Fans of soccer behemoth Lionel Messi are worried that the superstar and his team may miss the 2018 World Cup in Russia following a shocking 1-1 draw with Venezuela on Tuesday. The team’s chances to recover in time to qualify for the 2018 contest are complicated by the fact that Messi, one of the most well-known and highly paid athletes in the world, was recently forced to serve a four-game suspension for verbal abuse against a referee.
FIFA recently ruled that the 29-year-old Messi would be prohibited from playing at all in four games after he ignited a heated dispute with an assistant referee, and ordered him to pay a 10,000 CHF fine. Without its star player on the field to lead the team, Argentina lost 2-0 against Bolivia during a World Cup Qualifier on March 28, leading some to worry the team may be irreparably disadvantaged to qualify in time.
Luckily for Argentina, it’s handicap in the form of losing Messi didn’t last long; after appealing his four-game suspension, the superstar’s ban was lifted, according to ESPN, though not in time to stave off the disastrous defeat against Bolivia.
Following the disappointing results against Venezuela, as reported by Bleacher Report, the fear that Argentina may be left out of the international spectacle has grown significantly. With only two games left to qualify, Argentina remains in fifth place. If the team fails to qualify in time, 2018’s World Cup would be the first without Argentina since 1970.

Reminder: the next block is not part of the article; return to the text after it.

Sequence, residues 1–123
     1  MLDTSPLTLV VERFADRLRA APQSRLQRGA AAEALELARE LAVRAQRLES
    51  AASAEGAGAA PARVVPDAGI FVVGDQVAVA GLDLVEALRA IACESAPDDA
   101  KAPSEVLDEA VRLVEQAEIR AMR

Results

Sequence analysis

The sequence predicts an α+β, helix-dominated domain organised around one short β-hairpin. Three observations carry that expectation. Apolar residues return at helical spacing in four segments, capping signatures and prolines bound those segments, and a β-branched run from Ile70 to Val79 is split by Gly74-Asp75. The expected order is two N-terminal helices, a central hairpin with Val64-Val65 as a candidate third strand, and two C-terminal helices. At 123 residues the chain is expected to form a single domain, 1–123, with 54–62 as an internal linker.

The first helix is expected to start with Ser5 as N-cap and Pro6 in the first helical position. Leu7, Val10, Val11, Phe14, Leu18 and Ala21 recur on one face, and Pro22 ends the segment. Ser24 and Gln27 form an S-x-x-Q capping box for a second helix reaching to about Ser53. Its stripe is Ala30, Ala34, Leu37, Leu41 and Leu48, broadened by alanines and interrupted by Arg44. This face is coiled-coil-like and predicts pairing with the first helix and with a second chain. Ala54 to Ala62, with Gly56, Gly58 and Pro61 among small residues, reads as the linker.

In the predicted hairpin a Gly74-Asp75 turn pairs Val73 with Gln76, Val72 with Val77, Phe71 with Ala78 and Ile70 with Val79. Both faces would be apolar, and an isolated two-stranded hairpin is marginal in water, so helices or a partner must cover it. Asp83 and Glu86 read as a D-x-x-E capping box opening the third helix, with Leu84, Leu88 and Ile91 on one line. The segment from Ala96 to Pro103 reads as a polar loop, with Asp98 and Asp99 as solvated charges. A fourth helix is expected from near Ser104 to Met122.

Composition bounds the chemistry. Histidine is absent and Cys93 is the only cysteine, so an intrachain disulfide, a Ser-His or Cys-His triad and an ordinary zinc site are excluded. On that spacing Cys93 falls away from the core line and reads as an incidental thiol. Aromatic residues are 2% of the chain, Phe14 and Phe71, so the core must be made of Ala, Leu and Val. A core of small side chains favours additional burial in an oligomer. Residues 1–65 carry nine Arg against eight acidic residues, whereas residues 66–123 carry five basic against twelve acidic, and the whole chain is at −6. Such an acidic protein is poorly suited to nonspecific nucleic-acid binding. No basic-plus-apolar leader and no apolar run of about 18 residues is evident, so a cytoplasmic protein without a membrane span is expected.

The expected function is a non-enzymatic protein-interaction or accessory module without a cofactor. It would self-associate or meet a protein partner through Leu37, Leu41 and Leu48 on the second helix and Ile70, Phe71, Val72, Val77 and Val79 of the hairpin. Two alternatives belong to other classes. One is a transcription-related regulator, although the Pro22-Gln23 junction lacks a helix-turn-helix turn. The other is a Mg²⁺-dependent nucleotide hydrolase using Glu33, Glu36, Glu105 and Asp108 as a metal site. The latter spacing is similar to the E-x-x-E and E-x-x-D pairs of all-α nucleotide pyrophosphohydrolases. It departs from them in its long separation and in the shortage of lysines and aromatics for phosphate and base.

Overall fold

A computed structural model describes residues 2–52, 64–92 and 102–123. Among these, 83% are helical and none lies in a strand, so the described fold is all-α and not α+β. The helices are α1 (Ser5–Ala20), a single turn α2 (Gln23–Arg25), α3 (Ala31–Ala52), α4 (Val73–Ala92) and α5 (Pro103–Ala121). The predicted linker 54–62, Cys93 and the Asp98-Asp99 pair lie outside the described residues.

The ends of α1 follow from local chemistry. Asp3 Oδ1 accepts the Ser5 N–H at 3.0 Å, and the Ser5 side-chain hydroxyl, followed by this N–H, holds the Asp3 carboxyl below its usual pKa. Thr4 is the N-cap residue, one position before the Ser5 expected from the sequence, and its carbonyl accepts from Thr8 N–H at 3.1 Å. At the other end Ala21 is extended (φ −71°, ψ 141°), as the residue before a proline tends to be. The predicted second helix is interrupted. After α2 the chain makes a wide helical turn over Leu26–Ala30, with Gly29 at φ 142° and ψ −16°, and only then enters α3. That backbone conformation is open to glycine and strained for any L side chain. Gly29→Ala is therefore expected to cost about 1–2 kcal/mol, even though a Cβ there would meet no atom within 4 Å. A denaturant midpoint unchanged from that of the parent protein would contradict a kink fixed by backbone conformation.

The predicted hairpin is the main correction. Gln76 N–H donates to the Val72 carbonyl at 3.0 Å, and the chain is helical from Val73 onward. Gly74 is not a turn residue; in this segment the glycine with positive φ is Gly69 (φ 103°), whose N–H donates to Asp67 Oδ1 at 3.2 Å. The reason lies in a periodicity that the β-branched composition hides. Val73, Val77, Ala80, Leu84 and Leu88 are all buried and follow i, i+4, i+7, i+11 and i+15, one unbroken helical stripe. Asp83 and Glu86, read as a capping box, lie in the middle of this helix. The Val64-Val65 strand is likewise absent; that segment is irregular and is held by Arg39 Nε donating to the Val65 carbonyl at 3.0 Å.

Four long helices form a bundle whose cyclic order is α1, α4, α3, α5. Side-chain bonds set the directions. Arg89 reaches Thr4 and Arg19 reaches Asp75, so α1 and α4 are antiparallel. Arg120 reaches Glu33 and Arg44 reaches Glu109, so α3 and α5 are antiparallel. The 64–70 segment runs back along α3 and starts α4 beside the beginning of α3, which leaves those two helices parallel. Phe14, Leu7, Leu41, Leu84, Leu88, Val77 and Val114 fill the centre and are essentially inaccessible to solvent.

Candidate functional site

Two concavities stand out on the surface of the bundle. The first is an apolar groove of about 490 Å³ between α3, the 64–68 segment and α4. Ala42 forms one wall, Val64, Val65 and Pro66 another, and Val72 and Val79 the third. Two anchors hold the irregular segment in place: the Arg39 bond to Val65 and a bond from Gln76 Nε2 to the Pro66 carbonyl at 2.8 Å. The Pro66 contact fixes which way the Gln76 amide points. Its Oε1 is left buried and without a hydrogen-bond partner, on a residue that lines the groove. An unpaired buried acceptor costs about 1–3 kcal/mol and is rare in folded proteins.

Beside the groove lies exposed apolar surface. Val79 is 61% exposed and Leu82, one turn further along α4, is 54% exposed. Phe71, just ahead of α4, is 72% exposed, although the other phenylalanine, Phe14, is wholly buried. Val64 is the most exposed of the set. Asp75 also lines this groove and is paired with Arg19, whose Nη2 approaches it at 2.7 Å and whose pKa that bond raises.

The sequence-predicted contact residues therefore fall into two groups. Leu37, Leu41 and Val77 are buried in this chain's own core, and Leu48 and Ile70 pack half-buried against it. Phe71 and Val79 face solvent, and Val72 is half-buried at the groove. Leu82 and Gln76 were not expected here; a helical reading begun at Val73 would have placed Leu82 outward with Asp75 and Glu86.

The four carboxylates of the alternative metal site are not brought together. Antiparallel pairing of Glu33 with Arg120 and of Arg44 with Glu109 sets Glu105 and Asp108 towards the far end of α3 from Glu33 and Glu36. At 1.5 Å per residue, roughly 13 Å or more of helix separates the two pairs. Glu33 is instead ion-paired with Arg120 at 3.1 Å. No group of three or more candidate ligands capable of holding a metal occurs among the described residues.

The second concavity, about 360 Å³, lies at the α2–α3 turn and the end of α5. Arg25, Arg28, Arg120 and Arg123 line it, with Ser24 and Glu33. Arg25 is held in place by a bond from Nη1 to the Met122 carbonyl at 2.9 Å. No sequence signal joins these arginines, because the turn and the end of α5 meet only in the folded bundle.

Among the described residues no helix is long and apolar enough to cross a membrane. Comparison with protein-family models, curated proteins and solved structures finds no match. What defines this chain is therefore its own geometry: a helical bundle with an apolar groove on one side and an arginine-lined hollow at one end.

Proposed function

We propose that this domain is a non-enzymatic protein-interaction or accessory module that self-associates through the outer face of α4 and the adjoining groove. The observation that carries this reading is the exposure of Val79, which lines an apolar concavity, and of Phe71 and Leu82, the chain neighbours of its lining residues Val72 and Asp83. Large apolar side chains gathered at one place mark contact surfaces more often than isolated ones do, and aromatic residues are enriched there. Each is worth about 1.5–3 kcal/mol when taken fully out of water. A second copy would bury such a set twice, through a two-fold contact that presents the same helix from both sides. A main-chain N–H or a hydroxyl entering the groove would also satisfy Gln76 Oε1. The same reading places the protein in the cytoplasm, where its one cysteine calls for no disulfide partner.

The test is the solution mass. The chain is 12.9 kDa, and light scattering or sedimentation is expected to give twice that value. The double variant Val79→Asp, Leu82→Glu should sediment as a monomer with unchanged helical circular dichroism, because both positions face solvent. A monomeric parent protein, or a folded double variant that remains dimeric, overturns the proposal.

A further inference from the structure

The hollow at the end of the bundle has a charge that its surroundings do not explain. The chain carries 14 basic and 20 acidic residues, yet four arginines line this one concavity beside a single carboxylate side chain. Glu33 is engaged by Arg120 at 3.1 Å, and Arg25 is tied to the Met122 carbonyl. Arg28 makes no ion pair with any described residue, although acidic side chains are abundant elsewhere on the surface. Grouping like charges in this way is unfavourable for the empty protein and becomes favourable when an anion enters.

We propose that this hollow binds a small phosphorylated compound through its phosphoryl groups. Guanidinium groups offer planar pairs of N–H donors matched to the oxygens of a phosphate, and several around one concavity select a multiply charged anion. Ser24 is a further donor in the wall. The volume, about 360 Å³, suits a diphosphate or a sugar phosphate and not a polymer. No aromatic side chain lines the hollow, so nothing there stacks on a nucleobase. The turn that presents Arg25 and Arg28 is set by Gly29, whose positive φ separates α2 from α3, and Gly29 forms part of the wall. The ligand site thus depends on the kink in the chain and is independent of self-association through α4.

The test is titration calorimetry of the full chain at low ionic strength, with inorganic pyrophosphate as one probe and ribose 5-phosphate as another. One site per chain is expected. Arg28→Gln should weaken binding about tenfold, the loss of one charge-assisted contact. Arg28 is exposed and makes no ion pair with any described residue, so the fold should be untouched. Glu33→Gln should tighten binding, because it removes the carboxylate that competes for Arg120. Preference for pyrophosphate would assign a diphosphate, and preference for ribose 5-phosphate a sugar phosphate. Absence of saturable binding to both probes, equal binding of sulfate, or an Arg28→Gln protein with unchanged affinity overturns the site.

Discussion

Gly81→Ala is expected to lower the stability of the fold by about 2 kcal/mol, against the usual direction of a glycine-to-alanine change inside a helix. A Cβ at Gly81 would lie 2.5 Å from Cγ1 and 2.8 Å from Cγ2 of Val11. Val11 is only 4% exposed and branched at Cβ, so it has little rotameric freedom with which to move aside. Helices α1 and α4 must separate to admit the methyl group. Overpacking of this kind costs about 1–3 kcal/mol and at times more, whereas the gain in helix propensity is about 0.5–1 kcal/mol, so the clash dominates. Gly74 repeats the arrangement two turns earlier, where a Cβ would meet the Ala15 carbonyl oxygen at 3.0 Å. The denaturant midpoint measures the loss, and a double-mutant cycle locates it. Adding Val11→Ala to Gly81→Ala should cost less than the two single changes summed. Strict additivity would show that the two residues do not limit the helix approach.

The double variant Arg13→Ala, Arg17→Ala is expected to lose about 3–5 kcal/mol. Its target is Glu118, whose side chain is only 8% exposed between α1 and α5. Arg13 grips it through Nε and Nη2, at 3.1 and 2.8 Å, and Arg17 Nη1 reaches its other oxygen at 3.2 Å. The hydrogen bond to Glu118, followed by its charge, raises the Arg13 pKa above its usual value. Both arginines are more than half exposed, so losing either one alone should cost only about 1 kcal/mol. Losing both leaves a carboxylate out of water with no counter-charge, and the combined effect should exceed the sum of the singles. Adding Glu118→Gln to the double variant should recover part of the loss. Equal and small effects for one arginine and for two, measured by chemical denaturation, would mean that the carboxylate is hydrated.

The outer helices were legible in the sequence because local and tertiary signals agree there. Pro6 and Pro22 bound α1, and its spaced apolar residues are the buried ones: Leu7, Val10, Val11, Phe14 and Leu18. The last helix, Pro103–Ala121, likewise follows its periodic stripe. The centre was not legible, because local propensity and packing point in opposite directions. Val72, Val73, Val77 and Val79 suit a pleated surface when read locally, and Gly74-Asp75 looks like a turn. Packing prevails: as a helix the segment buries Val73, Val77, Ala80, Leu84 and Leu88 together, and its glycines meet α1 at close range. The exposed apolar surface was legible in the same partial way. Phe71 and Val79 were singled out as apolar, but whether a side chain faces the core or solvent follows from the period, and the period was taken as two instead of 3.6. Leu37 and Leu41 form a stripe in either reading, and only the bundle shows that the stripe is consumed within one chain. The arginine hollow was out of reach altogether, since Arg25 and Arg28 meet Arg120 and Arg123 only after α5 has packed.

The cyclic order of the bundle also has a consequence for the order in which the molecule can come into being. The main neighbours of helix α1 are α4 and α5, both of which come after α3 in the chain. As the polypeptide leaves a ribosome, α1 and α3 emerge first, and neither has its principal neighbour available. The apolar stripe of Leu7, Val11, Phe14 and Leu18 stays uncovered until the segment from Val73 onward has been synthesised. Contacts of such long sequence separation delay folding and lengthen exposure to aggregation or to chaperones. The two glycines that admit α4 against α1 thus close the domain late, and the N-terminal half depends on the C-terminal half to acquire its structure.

While Messi was out serving his suspension, Argentina lost serious ground to some of its competitors: The team suffered two home losses to Ecuador and Paraguay, and its window for redemption is rapidly closing.
Only the top four teams in South America will qualify to play in 2018’s Russian contest, with Brazil having already qualified on March 28. Uruguay is currently clinging to its position in second, followed by Colombia and Peru, who are also vying for their chance to play in Russia.
If Argentina fails to qualify, the world cup will be absent of not only Messi but his teammates Sergio Aguero and Angel Di Maria as well. The trio have proven to be a formidable force on the pitch, but some rumors are still swearing about the team’s so-called “Messi dependency,” which could be an indicator of internal strife.
“It’s difficult to remove this ‘Messi-dependency’ from a team when Leo is there,” Argentina soccer manager Jorge Sampaoli said, according to the Independent. “When you know you have the best player you will always look toward him.”
The team is now in a race against time to qualify, with the entire world of soccer fandom holdings its breath in anticipation.
[Featured Image by Victor R. Caivano/AP Images]